Statistics Division’s latest Consumer Index Report confirms that food prices continue rising, with fruit leading the increase

With the high cost of living expected to increase even further, given the hike in fuel prices, the Statistics Division’s most recently released Consumer Price Index (CPI) Report is revealing that the Food Index continues to rise.

The Division says the Index for January (2022) rose 6.4 percent, following an increase of 5.4% in December.

In its year-on-year analysis, the Division points out that the All Items index also rose 2.9 % for the 12 months ending January 2022.

All of the nine major supermarket indexes increased over the period, with the largest rise continuing to be fruits, which rose 18.9% over the year.

“The Index for sugars, jams, honey, chocolate and confectionery increased 1.4%, the smallest 12 months’ increase among the groups,” according to the Division.

The Index for oils and fats increased 17.0% while the index for meat and meat products rose 12.1%.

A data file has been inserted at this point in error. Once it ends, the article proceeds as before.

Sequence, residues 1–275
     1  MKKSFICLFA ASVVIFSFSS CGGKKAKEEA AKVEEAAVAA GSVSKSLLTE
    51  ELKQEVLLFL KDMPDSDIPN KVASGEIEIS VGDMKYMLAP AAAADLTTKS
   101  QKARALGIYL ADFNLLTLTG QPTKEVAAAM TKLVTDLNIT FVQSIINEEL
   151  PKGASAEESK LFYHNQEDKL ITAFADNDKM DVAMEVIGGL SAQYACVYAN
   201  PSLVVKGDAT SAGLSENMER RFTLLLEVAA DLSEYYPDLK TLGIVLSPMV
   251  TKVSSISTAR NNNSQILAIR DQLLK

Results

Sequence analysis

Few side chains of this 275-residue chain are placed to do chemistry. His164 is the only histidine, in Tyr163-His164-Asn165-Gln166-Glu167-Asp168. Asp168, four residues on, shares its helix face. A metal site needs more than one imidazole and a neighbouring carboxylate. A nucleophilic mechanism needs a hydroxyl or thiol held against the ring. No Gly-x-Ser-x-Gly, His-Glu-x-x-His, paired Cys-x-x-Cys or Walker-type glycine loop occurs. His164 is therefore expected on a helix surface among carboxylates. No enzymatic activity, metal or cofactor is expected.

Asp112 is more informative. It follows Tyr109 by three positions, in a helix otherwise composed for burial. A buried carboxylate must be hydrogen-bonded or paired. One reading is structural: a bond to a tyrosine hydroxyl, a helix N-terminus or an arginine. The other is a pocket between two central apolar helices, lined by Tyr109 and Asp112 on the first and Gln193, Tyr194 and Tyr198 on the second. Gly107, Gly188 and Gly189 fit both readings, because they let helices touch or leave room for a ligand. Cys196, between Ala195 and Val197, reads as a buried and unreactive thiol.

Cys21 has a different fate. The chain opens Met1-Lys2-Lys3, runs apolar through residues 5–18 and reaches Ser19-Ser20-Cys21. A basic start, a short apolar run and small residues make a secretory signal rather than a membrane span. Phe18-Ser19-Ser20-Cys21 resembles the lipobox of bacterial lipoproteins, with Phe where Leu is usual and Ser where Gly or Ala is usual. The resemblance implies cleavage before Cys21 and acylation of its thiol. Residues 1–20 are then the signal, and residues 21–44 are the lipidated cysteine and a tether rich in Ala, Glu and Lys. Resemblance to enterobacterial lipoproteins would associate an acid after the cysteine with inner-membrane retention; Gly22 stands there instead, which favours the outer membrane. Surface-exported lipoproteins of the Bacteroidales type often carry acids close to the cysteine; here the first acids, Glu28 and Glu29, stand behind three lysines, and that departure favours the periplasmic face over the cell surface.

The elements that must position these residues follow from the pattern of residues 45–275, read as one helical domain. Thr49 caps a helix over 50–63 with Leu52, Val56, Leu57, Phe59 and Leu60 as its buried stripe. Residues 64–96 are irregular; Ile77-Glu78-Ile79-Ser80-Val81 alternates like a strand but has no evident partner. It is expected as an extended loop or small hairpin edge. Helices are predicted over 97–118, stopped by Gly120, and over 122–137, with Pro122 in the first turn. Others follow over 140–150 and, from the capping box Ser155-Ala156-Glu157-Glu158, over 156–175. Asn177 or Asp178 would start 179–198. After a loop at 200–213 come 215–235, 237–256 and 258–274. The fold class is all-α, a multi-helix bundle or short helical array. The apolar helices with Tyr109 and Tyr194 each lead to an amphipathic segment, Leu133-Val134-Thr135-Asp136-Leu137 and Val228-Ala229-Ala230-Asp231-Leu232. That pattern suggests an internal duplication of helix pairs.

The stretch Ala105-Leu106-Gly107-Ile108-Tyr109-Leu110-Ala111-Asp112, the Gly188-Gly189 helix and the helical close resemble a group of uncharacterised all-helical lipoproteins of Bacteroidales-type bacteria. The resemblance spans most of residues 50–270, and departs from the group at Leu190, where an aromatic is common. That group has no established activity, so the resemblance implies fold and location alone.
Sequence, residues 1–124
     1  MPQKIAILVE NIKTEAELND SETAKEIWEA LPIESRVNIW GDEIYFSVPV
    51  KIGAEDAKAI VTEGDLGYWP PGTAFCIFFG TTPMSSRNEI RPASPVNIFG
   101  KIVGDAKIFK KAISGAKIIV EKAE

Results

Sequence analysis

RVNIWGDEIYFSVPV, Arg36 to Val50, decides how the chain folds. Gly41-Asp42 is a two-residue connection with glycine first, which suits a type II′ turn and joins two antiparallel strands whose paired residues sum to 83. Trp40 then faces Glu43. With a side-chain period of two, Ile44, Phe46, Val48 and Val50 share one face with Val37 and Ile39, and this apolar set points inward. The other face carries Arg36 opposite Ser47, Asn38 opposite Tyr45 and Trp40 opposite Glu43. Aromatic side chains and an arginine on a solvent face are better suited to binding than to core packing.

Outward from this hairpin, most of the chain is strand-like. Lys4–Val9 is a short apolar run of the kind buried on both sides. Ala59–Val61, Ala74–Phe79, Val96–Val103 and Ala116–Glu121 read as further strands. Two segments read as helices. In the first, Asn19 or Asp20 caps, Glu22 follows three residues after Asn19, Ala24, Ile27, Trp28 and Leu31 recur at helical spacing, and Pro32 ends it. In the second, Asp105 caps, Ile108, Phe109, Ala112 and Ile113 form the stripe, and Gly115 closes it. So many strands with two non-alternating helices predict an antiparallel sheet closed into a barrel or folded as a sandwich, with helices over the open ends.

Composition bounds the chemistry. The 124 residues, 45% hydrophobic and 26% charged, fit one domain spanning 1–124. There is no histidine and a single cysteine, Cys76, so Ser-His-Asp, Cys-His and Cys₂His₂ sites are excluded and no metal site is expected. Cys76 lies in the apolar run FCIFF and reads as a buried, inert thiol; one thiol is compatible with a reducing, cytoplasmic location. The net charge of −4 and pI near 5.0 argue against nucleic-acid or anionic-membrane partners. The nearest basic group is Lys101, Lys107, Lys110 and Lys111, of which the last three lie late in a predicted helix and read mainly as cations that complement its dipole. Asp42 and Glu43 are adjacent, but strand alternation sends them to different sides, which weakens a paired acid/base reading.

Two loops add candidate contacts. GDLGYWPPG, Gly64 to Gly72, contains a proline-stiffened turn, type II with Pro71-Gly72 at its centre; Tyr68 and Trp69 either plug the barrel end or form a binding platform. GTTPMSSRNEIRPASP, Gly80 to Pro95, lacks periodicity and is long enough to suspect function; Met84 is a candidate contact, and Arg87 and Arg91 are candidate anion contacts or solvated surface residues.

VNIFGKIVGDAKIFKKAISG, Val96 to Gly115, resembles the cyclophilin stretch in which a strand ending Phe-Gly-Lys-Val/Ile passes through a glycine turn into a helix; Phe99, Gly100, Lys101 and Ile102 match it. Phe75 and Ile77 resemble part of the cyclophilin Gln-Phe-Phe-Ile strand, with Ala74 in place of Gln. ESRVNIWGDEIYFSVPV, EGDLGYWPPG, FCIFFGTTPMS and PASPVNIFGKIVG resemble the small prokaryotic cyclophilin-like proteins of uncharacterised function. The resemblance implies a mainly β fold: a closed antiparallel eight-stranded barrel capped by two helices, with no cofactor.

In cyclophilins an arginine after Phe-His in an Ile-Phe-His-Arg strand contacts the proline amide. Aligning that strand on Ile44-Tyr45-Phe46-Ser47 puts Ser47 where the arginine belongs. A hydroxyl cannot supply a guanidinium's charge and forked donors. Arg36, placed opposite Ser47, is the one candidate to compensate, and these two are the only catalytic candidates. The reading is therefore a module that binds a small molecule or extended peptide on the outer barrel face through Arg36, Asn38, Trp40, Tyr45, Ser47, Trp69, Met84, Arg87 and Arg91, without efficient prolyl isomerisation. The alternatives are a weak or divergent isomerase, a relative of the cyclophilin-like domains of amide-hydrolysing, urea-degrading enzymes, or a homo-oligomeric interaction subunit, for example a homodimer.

While the Index for Miscellaneous Goods and Services, communication and housing, furnishings, household equipment and routine maintenance all saw an increase of over 7 percent, only transport declined 11.2%.

The Energy Index remained unchanged over the past 12 months for all major components: gasoline at the pump, LPG cooking gas, and fuel variation rate (Electricity).

The Division says that the Monthly Consumer Price Index decreased by 1.6% for the month ending January 2022, with a decline in the Food Index of 0.1 percent in January.

The index for Vegetables fell 2.7% and the Meats and Meat Products declined 0.3%. The index for Bread and Cereals, and Milk, Cheese, and Egg both increased by 0.4%. The index for Fruits increased 0.5% while the index for Fish and Seafood rose 0.6%.

The All Items Consumer Price Index (CPI) is the main measure of what is commonly called inflation, or headline inflation. It measures the change in prices, on average, from month-to-month, and from year- to-year of the goods and services bought by most households.

Prices are collected monthly and quarterly from supermarkets and other suppliers of goods and services.